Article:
Author(s): Matilainen V, Laakso M, Hirsso P, Koskela P, Rajala U,
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Abstract CONTEXT: The association of androgenic alopecia (AGA) with insulin resistance, coronary artery disease and hypercholesterolemia has been previously reported in men, but no such association has been reported in women with female androgenic alopecia (AGA). Female AGA has usually been linked with hyper-androgenism and hirsutism and, most recently, also with polycystic ovarian syndrome (PCOS), even though epidemiological documentation of the latter association is scanty. Polycystic ovarian syndrome is quite common among Caucasian women, and its association with insulin resistance is well documented. OBJECTIVES AND DESIGN: The aim of this study was to obtain a more precise estimation of the prevalence on female AGA and to describe its possible connections with insulin resistance linked parameters and with paternal and maternal family history of alopecia. A cross-sectional population based cohort survey was carried out in the City of Oulu, Finland in 1998. SETTING AND PARTICIPANTS: As a part of a population based cohort study the hair status of 324 women aged 63 years was assessed by a modification of Ludwig's scale. The background data consisting of anthropometric measures (weight, height, body mass index, waist, hip and neck circumferences), smoking status, chronic diseases and their medication as well as the family history of AGA were collected by questionnaires and interviews made by study nurses and in clinical examination. Blood samples for laboratory tests were taken on the same occasion. RESULTS: The prevalence of extensive loss of hair (at least grade II or III on Ludwig's scale) was quite high (31.2\%). The insulin resistance associated parameters, such as waist and neck circumferences, abdominal obesity measured by waist-to-hip ratio, mean insulin concentration (11.3 mU/l versus 9.95 mU/l, p=0.02) or urinary albumin-to-creatinine ratio (1.80 versus 1.58, p=0.01), were significantly higher in women with extensive hair loss compared to those with normal hair or only minimal hair loss (grade I on Ludwig's scale). The women belonging to the highest quintiles of neck or waist circumferences had significantly increased risk for extensive hair loss compared to those with normal hair or minimal hair loss, the unadjusted ORs being 2.25 (95\% CI, 1.26-4.03) and 1.75 (95\% CI, 1.00-3.07), respectively. Similarly in women with hyperinsulinemia (fs-insulin >10 mU/l), microalbuminuria (urinary albumin-to-creatinine ratio exceeding the highest microalbuminuria decile (>2.5 mg/mmol) and paternal history of AGA the ORs for alopecia were increased being 1.65 (95\% CI, 1.02-2.67), 2.39 (95\% CI, 1.21-4.73) and 2.08 (95\% CI, 1.26-3.44). All of these ORs, except those for highest quintiles of waist and neck circumferences remained significant in multiple adjusted models. CONCLUSIONS: According to the results of this study, female AGA (grade II or III on Ludwig's scale) was quite common among Finnish women aged 63 years. Our results support the hypothesis that women with some markers of insulin resistance have significantly increased risk for female AGA. Paternal history of alopecia seemed to be more common in female AGA compared to women with normal or minimal loss of hair.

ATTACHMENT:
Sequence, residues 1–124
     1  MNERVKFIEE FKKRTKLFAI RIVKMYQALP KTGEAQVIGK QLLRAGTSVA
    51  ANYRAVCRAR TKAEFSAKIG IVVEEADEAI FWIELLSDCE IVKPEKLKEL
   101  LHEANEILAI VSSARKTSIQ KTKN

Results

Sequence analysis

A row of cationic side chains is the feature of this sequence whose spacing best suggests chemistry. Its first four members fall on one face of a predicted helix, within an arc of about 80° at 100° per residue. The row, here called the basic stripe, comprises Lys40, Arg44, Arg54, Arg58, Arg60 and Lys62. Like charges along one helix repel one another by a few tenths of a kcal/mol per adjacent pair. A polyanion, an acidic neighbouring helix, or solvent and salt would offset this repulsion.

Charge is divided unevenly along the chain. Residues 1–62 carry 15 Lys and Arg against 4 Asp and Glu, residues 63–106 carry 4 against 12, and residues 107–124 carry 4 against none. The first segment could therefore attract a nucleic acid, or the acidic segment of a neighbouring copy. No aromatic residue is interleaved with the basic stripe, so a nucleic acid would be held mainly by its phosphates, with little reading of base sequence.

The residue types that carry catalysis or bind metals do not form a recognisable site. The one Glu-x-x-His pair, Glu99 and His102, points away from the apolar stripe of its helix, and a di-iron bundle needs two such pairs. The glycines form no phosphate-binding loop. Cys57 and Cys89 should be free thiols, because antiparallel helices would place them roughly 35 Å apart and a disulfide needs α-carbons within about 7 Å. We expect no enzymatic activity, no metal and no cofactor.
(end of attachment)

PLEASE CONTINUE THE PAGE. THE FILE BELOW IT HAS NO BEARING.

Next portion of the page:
This article was published in J Cardiovasc Risk
and referenced in Hair Therapy & Transplantation